Credit Fundamentals In ‘Good Shape’

Credit Fundamentals In ‘Good Shape’
By Nachu Chockalingam, Senior Portfolio Manager, Federated Hermes Limited

Indiscriminate selling over the past ten days has pushed credit spreads modestly wide to long-term averages and yields very high. The chart below shows a 10-year history of global I-investment grade (IG) spreads and yields. It is possible spreads see further downside as global central banks unwind further, but we anticipate that additional widening for IG bonds and BB-rated high yield (HY) bonds will be limited relative to their already wide valuations.

We believe that credit fundamentals are generally in good shape but do acknowledge that the path to maintaining this will not be easy. Companies have, in general, weathered the storm to date well and have options to bolster liquidity should they need too.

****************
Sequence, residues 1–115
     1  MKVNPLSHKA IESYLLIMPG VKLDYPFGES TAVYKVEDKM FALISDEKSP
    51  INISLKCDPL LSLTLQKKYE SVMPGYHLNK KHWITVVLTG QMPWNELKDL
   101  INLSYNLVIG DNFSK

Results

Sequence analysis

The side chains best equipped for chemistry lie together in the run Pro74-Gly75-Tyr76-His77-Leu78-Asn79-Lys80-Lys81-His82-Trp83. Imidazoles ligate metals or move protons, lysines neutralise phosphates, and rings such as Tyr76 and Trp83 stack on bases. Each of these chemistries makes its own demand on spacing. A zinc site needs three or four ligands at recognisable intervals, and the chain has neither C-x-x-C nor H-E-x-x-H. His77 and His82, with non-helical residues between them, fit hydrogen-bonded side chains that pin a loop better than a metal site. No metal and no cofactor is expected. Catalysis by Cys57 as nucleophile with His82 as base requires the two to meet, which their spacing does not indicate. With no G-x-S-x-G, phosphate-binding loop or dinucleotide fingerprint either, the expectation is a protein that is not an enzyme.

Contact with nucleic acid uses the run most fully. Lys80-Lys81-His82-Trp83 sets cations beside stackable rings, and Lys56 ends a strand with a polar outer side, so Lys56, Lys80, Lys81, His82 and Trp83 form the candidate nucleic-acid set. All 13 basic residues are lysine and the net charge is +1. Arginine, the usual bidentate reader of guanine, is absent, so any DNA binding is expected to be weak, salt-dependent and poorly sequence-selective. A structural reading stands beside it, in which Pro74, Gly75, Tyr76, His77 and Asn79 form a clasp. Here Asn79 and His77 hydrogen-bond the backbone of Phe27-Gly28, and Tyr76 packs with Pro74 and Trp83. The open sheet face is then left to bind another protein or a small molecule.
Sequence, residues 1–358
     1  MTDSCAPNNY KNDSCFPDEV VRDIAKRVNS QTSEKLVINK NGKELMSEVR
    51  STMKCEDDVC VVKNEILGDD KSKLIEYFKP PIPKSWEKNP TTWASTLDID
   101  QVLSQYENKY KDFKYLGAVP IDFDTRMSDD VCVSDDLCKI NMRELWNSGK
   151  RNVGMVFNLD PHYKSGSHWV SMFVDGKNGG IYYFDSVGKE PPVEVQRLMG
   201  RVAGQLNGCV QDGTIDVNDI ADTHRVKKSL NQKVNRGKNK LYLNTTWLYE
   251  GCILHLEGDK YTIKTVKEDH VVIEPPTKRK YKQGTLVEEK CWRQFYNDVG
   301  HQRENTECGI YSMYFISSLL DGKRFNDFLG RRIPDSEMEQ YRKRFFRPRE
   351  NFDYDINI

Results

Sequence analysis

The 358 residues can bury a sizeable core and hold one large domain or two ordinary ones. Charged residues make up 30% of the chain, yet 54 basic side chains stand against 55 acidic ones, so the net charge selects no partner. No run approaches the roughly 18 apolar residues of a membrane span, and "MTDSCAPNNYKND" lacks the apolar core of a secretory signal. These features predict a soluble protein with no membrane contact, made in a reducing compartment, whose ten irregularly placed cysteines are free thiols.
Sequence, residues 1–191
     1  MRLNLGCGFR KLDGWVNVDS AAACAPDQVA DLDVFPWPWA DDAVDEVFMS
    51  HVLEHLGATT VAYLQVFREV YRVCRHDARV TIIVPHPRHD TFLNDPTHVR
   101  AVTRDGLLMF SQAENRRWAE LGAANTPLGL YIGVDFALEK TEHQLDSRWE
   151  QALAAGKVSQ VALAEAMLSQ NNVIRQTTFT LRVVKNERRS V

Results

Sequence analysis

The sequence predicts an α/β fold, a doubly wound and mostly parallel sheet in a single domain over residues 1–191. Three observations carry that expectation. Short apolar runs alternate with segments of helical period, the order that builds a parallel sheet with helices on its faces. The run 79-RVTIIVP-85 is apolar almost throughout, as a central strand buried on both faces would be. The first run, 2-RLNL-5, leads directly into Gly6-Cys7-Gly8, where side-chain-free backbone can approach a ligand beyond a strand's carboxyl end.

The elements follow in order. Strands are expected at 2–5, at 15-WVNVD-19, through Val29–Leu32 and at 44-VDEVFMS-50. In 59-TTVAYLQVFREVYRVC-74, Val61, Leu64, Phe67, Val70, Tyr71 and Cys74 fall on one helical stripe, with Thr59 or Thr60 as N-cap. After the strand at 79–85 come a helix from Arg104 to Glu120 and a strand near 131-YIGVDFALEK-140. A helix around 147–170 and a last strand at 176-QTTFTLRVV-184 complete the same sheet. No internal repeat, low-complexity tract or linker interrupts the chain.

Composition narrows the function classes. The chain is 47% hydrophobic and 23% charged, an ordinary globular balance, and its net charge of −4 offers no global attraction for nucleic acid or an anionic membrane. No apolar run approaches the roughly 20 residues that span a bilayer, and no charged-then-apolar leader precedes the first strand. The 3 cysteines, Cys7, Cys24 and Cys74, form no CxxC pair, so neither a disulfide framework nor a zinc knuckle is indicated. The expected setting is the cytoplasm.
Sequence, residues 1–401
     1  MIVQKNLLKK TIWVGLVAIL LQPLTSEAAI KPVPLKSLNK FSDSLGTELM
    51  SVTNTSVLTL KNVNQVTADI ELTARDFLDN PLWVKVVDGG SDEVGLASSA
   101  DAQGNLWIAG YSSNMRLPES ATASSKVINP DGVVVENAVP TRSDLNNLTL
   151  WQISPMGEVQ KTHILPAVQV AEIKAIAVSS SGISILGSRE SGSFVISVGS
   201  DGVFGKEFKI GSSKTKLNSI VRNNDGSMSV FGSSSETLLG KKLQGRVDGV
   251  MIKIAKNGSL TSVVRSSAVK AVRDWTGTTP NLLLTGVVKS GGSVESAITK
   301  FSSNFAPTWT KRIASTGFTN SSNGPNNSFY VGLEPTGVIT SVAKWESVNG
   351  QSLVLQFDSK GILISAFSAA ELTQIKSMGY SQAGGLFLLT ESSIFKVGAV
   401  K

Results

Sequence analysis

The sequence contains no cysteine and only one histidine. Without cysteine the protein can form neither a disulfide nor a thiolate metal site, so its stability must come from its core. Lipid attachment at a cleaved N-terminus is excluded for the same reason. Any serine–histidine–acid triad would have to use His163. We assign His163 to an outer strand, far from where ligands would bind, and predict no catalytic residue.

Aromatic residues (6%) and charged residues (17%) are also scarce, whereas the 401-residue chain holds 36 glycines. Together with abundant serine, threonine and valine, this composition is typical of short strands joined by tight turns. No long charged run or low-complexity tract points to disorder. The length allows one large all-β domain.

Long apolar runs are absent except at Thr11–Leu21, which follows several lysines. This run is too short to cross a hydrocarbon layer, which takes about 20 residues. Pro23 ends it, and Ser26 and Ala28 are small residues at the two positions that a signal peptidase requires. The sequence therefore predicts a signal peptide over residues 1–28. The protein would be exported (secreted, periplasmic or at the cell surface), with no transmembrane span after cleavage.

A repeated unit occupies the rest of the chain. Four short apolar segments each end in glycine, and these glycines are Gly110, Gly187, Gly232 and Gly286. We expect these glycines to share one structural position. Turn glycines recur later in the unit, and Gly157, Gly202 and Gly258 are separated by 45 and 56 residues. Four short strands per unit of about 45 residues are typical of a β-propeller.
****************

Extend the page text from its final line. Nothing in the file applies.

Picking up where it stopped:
Interest rate volatility remains the key driver for spreads here and a faster Fed brings forward this volatility, raising the likelihood of some stability later on in the year.

We prefer IG and BB-rated HY bonds currently as the risk of a mild recession and the higher yields now available are likely to keep investors up in quality. We continue to have a preference towards more defensive sectors and not to those that at risk of a weaker consumer and cost pressures from labour markets and supply shortages.

Many companies have bonds now trading at “stressed” levels that is less than $75 face value, but these are not stressed issuers – they have plenty of cash and we think many companies will use this as an opportunity to re-optimise their capital structures and buyback bonds, which will be to the benefit of all stakeholders. Ultimately, we cannot forecast when the credit market will bottom out but we think current levels are a good entry point for long-term investors to re-look at their credit allocations and scale back in.

Note: OAS – (spreads between an OAS IG index and a spot Treasury curve), YTW- Yield to worst. Source: Bloomberg, Federated Hermes